Guy’s and St Thomas’ surgeons save grandmother’s vision with help from a robot in ‘world first’ operation

Katherine Johnston (03 June, 2021)

'I haven’t lost my eye and they got the cancer out. It’s such a relief, I’m over the moon'

45030Irene Milton and Jean-Pierre Jeannon

Guy’s and St Thomas’ surgeons have removed an eye tumour using a robot in a groundbreaking ‘world first’ procedure which saved an 85-year-old grandmother’s vision.

Irene Milton had a recurrent  basal cell carcinoma on the inner corner of her right eye and was previously told she would have to have her eye removed in order to treat the cancer.

The operation, the first time it has been attempted in the world, was undertaken by surgeons from Moorfields Eye Hospital and Guy’s and St Thomas’ NHS Foundation Trust.

Robotic surgery enables surgeons to perform precise procedures in a minimally invasive way, so patients can recover quicker.

Jean-Pierre Jeannon, consultant head and neck surgeon and associate professor of surgery at Guy’s and St Thomas’ operated on Irene with Asit Arora, robotic head and neck surgical lead at the trust and adjunct senior lecturer at King’s College London’s School of Biomedical Engineering and Imaging Sciences.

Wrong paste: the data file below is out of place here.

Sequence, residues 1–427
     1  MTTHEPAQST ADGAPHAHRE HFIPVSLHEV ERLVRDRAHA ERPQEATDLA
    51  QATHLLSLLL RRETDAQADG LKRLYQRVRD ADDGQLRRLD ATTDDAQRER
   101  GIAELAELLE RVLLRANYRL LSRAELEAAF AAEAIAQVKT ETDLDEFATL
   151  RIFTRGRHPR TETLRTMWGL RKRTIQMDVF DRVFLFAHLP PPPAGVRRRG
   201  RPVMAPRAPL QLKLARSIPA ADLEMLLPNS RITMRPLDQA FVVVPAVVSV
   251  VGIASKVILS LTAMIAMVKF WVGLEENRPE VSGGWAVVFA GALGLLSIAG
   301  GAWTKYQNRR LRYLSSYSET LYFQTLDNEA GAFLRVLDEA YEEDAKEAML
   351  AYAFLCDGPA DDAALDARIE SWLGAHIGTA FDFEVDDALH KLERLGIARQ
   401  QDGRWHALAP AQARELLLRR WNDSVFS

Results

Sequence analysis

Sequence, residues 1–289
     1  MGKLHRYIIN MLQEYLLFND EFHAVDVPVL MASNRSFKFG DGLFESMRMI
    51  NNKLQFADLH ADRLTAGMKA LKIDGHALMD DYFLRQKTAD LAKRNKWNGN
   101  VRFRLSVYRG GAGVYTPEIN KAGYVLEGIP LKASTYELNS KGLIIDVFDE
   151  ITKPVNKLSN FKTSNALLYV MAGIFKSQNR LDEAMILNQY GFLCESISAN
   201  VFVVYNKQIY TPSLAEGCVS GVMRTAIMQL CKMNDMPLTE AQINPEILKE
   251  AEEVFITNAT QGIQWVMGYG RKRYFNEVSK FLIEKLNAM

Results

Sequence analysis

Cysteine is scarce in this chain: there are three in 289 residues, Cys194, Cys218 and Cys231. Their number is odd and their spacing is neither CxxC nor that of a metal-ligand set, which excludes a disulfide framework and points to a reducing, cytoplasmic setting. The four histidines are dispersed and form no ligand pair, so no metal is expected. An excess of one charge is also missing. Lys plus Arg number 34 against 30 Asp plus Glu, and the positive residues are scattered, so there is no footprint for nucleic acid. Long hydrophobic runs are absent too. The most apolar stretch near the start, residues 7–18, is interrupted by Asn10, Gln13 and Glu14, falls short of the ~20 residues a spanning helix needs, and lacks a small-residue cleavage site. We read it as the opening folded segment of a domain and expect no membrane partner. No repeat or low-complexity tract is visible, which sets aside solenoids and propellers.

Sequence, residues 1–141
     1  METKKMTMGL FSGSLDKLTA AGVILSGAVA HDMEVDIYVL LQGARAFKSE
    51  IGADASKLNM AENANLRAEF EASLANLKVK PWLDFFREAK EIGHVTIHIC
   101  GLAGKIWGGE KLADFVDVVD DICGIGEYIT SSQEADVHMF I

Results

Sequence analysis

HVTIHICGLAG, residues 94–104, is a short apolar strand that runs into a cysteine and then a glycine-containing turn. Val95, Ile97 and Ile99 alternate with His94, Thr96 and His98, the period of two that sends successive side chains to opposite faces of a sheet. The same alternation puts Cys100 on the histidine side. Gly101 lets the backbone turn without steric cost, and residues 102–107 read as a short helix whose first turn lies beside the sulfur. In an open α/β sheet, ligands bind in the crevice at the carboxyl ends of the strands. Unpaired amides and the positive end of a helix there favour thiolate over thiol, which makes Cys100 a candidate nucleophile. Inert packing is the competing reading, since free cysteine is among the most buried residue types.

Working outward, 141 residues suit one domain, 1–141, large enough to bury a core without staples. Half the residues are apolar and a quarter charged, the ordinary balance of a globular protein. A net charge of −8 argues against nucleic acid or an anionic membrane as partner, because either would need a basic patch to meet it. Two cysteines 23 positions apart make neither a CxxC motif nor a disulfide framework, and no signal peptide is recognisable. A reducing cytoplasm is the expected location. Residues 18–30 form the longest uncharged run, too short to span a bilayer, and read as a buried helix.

The procedure means Irene, from Bradford, will not need any radiotherapy.

She said: “I am so pleased at the outcome – I haven’t lost my eye and they got the cancer out. It’s such a relief, I’m over the moon.

“It’s nice to know that you’re never too old to have anything done, especially pioneering surgery.”

Jean-Pierre Jeannon said: “We’re delighted for Irene that her surgery went so well. Her tumour is gone and she has kept her sight.

“It’s the first time in the world that the robot has been used in this way for orbital surgery, and we hope we can treat more patients in the same way. The success of this procedure is testament to the collaboration between our team and our colleagues at Moorfields.

Claire Daniel, consultant oculoplastic surgeon and lid oncology lead at Moorfields Eye Hospital, said: “Irene has done really well after her surgery and it’s very exciting to be able to provide such a great service for our patients affected by cancer. This is truly a world-leading advance in orbital surgery, which we will build on in the future.

“We have developed a highly specialised periocular cancer unit thanks to our excellent collaboration with Guy’s and St Thomas’, enabling us to share our expertise in treating these very difficult cases.”

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